I am not a woman of mystery. Everyone's trying to figure out Miers's views on abortion. We know she's against it--she goes to an antichoice church; she gave money to Texans United for Life; when she was president of the Texas Bar Association in the early 1990s she lobbied to get the ABA to rescind its official support for Roe v. Wade. But is she really, really against it? The President tried to calm his base by saying he knew her and she would never change, wink-wink. But that was just confusing. After all, she changed once--she used to be a Catholic and a Democrat, and in 1998 she even helped start a feminist lecture series at Southern Methodist University (first speaker: Gloria Steinem)--so how can the President be so sure she won't change again? You could turn around one day and see her sitting up there, next to Antonin Scalia, in a burqa. My views on abortion, by contrast, are a matter of endless, possibly even tedious, record, and they have been the same since I knew what abortion was. There will be no need to play the old game of trying to persuade both sides that the candidate is with them without actually saying what the candidate thinks. If people ask you what my position on abortion is, you can just tell them!
What else? Unlike Miers, no one can say I'm a crony--I've never even met the President, and the only Republicans I know were so disgusted by the Katrina thing they might as well be Democrats--in fact, don't laugh, it could happen. Another plus: I'm a quick study, so I'm not too worried about the learning curve if I get on the Bench. Besides, the Constitution isn't very long; I could probably even memorize it if that would help me bond with the other Justices. The President says he expects the Court merely to apply the law, not make the law, and that doesn't sound very difficult, does it? The Justices probably go on about what a tough job they have just so we'll think they're so smart. But if I do have questions, I can always ask Ruth Bader Ginsburg.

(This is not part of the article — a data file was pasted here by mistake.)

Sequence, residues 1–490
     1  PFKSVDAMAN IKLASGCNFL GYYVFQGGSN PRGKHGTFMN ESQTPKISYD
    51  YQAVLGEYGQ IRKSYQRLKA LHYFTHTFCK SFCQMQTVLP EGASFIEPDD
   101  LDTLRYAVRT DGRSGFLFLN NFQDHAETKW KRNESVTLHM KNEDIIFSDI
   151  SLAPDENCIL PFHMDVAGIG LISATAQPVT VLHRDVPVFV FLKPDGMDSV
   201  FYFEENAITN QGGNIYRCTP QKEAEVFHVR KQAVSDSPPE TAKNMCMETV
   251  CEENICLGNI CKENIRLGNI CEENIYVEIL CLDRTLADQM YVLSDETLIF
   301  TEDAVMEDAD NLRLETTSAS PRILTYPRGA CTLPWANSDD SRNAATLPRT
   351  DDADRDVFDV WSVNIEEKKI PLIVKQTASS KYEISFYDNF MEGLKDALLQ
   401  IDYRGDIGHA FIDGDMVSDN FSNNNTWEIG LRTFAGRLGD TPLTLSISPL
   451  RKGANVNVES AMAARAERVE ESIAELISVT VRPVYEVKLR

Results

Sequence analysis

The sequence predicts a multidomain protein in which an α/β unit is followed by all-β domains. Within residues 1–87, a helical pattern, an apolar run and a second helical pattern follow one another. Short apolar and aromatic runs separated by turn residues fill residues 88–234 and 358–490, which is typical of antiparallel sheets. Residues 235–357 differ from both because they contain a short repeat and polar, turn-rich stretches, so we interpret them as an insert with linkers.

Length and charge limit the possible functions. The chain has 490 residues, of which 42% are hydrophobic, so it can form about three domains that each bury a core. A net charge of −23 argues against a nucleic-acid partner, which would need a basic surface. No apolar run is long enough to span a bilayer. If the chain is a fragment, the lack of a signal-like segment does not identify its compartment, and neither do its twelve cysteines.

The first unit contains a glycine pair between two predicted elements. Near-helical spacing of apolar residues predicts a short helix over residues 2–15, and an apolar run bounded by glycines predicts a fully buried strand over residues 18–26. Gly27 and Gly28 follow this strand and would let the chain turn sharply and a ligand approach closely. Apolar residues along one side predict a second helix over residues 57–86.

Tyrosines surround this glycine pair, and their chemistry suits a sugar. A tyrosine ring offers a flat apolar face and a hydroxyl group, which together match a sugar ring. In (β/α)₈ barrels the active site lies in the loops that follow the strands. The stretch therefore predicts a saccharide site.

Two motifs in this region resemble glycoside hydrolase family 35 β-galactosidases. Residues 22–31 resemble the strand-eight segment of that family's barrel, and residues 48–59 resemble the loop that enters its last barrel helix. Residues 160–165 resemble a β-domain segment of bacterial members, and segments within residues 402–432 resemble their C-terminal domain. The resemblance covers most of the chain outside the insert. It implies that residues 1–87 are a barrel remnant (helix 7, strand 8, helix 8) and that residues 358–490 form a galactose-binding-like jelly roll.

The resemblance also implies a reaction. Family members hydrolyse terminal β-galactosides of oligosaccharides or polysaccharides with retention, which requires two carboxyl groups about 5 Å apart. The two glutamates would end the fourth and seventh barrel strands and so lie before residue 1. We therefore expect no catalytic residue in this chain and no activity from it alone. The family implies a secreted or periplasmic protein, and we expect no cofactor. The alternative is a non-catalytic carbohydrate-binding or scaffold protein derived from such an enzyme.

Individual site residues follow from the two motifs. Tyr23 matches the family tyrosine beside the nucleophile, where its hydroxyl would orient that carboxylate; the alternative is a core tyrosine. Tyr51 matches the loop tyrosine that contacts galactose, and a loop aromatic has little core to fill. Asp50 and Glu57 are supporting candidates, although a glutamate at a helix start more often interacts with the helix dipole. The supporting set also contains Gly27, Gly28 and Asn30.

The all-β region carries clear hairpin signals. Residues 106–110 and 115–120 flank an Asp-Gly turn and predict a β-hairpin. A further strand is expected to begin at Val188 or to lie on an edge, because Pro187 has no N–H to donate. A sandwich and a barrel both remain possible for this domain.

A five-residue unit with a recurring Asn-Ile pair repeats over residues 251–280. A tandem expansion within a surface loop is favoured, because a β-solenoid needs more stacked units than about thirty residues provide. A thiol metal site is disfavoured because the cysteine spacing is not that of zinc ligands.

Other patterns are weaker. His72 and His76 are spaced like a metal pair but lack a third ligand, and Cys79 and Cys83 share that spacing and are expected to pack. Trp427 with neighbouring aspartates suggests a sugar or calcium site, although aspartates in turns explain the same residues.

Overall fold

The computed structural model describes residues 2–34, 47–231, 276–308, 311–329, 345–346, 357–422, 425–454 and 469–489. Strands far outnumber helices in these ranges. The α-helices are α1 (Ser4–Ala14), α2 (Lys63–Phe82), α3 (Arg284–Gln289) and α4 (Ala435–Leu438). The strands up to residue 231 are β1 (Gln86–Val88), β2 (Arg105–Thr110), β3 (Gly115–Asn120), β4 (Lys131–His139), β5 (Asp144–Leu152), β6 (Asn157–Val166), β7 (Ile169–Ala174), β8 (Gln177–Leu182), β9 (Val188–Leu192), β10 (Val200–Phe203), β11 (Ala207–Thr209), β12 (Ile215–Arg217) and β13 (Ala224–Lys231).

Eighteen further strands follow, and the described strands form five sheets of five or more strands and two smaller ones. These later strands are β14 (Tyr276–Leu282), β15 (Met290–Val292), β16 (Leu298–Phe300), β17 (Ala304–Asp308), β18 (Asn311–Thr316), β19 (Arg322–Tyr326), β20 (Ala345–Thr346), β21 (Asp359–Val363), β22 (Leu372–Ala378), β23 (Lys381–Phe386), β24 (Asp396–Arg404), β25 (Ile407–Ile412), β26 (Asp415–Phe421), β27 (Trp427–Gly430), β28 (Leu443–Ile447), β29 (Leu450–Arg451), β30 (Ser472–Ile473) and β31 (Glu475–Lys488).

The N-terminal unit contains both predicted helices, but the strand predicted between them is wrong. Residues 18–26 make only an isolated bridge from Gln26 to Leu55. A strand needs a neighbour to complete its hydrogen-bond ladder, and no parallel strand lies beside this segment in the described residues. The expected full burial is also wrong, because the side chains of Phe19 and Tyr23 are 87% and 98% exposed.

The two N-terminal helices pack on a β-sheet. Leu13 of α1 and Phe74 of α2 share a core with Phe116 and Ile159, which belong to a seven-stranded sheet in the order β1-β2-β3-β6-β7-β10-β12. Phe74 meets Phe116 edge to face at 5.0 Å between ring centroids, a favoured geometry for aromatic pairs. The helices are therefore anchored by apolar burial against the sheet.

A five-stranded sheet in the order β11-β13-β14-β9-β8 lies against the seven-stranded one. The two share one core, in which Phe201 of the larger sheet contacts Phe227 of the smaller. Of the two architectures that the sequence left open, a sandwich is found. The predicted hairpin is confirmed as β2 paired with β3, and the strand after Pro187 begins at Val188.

Note that this was published before the news of the day re: Miers. On that, it's not a surprise. Here's something that is, via Reuters:

"Earlier this year, I received notice that my dues for the District of Columbia Bar were delinquent and as a result my ability to practice law in D.C. had been suspended," Miers said in submitting written responses to a broad-ranging questionnaire from the Senate Judiciary Committee.
"I immediately sent the dues in to remedy the delinquency," wrote Miers,
President George W. Bush' White House counsel. "The nonpayment was not intentioned, and I corrected the situation upon receiving the letter."

The White House counsel is unable to determine when dues are due? That was this year. 2005. She lost her "ability to practice law in D.C." as a result.

Oh big deal? It is a big deal. She's the White House council. She has no experience as a judge and this wasn't the case of an attorney in private practice forgetting to renew their membership dues. Is she forgetful? Is she absent minded? 2005 wasn't her first year in DC. The process was not new to her. And before the apologists come along saying, "It's not a big deal" think about this. If you're a pilot and you lose your license, you can't fly during that time. She lost her ability to practice law in DC for a brief time. And that was her job. Teachers have to keep up with their certifications. There's not an excuse for that when she's working for us. (As White House counsel, she's working for us even though everyone in the administration appears to believe that the higher authority is not the Constitution, it's the Bully Boy.)

"Oops, goof!" doesn't cut it. She was on the payroll as an attorney. She lost the ability to practice law in DC. Will there be any refunds to the American people on that from the "tax relief" administration?